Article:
By Dave Riley
Over the weekend of 5-7 December, more than 150 people attended the Sixth Socialist Alliance national conference, held in the Geelong Trades Hall. The conference opened against the backdrop of the Alliance’s promising results in the November 29 Victorian local government elections, in which its candidates scored up to 18.9%.
The conference also saw the broadening of the Socialist Alliance as a coalition of socialist organisations and individuals in Australia. This was evidenced by the affiliation of the Sudanese Australian Human Rights Association, the participation of keynote speakers from Turkish and Salvadoran socialist organisations and the intervention of Dr Brian Senewiratne, internationally known fighter for the rights of Sri Lanka’s oppressed Tamil community.
The conference registered the Socialist Alliance’s successful work in building alliances with a broad range of socialist and progressive activists and organisations around Australia and abroad over the past few years. This is a new phenomenon on the Australian left which has tended to be ideologically packaged and separated, like elsewhere, into competing small socialist groups.
While the Socialist Alliance began life in 2001 as a electoral coalition between six founding socialist organisations, by 2007 most of these had withdrawn from the project. At its 2003 national conference the Alliance had decided by an overwhelming majority to proceed toward becoming a broad left, anti-capitalist political party — and as part of that process, the largest SA affiliate, the Democratic Socialist Perspective resolved to become ” a Marxist tendency in the Socialist Alliance” as a step toward consolidating the SA as a future “Multi-Tendency Socialist Party.”
With the re-election of the conservative Howard government in 2004 the Alliance project lost some momentum and the integration of the DSP and its assets stalled. But as the political climate improved during 2006/2007– especially with the broad based Your Rights at Work Campaign — which the Alliance was heavily involved in trying to sponsor mobilisations and an industrial campaign — the Alliance’s fortunes began to pick up.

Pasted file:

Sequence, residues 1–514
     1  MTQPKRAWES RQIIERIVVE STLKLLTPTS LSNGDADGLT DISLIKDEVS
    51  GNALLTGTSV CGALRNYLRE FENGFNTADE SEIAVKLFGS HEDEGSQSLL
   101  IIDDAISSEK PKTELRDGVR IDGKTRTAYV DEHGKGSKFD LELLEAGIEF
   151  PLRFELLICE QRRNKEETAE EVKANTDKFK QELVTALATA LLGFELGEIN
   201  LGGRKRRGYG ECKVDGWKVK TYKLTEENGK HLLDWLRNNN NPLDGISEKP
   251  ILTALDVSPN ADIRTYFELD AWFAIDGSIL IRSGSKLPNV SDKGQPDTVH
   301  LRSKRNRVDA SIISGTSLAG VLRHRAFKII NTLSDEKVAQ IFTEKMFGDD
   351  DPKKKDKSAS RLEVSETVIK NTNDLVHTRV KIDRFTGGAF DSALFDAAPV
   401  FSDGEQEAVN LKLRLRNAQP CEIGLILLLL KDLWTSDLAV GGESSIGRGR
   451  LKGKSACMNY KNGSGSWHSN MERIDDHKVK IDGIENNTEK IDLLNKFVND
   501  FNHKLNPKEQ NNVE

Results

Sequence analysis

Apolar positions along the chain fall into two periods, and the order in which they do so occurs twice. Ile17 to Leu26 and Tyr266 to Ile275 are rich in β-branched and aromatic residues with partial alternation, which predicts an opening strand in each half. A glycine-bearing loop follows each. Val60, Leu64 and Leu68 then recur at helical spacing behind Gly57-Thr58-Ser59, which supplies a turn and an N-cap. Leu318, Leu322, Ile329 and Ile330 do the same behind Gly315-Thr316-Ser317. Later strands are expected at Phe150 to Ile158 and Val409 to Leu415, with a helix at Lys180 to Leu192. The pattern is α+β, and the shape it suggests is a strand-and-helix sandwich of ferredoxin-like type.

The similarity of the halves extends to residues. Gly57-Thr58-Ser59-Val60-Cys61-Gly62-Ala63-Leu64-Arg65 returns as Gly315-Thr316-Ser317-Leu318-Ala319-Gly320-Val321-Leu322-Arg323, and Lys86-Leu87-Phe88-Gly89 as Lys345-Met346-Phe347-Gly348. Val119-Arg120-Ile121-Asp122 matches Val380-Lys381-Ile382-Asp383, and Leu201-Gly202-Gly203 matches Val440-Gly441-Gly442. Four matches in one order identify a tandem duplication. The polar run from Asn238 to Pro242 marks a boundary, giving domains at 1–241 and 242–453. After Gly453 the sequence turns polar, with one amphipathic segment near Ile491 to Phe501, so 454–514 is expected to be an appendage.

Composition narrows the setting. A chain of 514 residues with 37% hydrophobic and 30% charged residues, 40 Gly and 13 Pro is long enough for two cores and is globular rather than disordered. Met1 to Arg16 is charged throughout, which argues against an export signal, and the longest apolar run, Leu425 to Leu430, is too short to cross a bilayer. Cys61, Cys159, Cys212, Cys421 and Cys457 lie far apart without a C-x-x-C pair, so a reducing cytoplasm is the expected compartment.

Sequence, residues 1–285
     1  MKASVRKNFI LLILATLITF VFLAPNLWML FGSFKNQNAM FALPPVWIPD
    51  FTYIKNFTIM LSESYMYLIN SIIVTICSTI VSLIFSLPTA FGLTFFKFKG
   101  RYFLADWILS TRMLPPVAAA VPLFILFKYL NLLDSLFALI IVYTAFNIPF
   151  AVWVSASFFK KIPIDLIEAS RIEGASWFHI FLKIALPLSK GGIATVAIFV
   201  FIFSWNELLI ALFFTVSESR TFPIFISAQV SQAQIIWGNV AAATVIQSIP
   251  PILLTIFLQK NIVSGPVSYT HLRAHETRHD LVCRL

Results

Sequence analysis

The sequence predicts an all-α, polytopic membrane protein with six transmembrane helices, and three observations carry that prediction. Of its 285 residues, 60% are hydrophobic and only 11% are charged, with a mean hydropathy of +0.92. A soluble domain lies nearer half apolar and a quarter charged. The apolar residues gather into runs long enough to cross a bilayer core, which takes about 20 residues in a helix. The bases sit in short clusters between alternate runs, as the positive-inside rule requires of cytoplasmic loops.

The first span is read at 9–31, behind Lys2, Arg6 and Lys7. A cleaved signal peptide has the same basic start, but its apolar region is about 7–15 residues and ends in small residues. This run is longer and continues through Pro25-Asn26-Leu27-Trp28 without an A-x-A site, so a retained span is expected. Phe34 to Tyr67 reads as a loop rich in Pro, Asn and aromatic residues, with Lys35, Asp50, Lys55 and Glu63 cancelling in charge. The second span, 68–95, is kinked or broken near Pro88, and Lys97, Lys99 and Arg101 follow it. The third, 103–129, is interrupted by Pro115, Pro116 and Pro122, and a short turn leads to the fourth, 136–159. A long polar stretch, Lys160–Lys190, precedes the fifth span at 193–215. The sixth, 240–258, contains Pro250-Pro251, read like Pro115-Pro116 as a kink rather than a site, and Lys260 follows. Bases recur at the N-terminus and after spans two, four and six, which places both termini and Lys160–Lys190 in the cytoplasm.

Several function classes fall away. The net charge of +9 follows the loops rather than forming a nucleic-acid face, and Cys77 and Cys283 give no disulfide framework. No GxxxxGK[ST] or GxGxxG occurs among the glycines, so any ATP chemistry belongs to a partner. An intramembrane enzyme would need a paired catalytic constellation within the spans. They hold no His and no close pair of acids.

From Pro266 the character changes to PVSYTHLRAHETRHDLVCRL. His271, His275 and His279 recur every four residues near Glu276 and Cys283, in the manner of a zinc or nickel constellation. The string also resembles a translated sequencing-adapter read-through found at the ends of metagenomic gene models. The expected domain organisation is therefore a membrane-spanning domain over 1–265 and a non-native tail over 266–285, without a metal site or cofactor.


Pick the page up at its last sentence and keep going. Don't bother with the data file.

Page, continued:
The December 2008 conference was very useful in registering that change. This was indicated by the broad range of participants from among the SA membership and from sectors the Alliance had been working closely with. As well as leading Indigenous and Climate Change activists, the conference was also addressed by key trade union figures such as Noel Washington. One week before the conference thousands of building workers had downed tools in support of Washington’s refusal to cooperate with the building industry watch dog — the ABCC.
Refusal to cooperate with the ABCC meant a jail term. But because the building unions were determined to back him, the Labor Party government of Kevin Rudd , which had been elected in 2007 primarily because Your Rights at Work campaign supported Labor’s election, backed down and charges against Washington were withdrawn.
The Alliance is therefore in a very interesting situation. Having survived some rough times over the past four years, the political partnerships that make it up have held. As well as this the SA has been able to forge and deepen ongoing alliances that extend into the Greens (the local Green Party) and the Labor Party itself, at the same time as standing candidates in federal, state and local elections.